The President said: “Attacking poverty and deprivation must therefore be the first priority of a democratic government.”
In the ANC’s manifesto of 2004, it is written that: “For years, our economy ran for the benefit of the minority, with opportunities and facilities limited to a few. While all parties speak of improving the quality of life, only a government that represents the majority can be trusted to do this.” But the majority party has forsaken the majority, in the greed of personal feed.
In a glaringly true portraiture of the dismal state of South Africa, former Deputy Chief Justice Judge Dikgang Moseneke said a few weeks ago: “After 30 years our country must reset its fate, future, and vision. We cannot possibly prescribe the same medicine when the malady persists or perhaps gets worse. We are called to press the reset button.”
Moseneke spoke of the hamper of unfulfilled promises on the accessibility of public health, education, water, housing, transport and electricity. “I conclude with a heavy heart that the revolution has failed. The quest to alter power relations in society in favour of the excluded and marginalised masses of our people has failed. The high political and social ideals of those of us who were part of our glorious struggle have by and large come to nought.”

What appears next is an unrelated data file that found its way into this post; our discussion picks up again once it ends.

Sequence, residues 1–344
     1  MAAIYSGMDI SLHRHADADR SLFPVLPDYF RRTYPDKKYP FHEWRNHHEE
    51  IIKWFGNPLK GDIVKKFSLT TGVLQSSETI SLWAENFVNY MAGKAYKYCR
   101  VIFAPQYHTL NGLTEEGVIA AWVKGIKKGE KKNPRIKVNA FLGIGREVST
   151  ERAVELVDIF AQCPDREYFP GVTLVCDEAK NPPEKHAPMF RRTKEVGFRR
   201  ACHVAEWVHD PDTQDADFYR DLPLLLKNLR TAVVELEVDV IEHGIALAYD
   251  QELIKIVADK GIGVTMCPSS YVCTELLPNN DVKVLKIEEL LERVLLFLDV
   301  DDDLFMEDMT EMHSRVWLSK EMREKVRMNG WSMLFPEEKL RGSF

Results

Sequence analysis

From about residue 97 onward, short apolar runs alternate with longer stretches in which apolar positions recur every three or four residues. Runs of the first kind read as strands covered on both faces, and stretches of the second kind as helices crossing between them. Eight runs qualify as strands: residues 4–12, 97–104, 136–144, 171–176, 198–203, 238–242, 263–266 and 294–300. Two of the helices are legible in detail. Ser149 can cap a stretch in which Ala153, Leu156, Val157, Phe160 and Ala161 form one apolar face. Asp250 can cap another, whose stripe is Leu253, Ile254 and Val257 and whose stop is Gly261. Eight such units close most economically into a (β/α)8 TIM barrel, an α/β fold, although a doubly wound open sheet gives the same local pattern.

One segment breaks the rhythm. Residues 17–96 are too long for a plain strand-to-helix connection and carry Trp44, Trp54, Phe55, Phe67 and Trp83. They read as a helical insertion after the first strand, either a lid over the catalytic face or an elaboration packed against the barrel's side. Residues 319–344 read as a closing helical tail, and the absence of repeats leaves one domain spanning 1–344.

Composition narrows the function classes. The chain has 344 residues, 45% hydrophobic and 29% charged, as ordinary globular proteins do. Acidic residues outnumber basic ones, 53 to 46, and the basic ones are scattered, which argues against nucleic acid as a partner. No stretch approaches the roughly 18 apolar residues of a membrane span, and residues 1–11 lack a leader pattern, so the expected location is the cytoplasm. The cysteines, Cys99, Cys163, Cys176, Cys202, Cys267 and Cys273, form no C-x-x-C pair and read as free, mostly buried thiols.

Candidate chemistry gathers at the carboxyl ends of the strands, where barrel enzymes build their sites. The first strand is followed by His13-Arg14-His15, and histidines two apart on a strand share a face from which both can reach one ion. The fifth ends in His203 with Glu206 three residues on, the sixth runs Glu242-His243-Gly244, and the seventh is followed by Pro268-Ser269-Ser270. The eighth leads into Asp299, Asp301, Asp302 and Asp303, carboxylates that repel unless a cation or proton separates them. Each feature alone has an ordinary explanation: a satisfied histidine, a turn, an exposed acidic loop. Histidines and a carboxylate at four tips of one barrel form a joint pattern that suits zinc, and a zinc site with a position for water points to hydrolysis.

The promise of a wonderland for all under the ANC government has turned into a wasteland. The song of renewal has no resonance. It is a matter of “People talking without speaking. People hearing without listening,” to steal the lyrics of Sounds of Silence.
“What we don’t repair, we usually repeat,” writes Shabazz. What is required now is to super-size efforts to deal with the lingering crises of structural poverty and inequality, the Goliath levels of joblessness, landlessness, hunger and despair, and the economic and moral cripple of corruption in the public and corporate sectors. The need to repair and reset power relations in all ambits of society and cultural spheres continues to super-size whiteness and degrade blackness as apartheid did. This includes the Constitution itself. Luther King Jr said, “God has wrought many things out of oppression.
“He has endowed his creatures with the capacity to create, and from this capacity has flowed the sweet songs of sorrow and joy that have allowed man to cope with his environment and many different situations.”
The melody of hope and cope has long been lost in South Africa.
Sweet songs of sorrow and joy are no longer soothing. For now, the shrieking sounds of ANC factionalism are the anthem of the day. The ANC’s lack of delivery is a broken record. And the band plays on.
Heller is a political analyst and author of ‘No White Lies: Black Politics and White Power in South Africa.’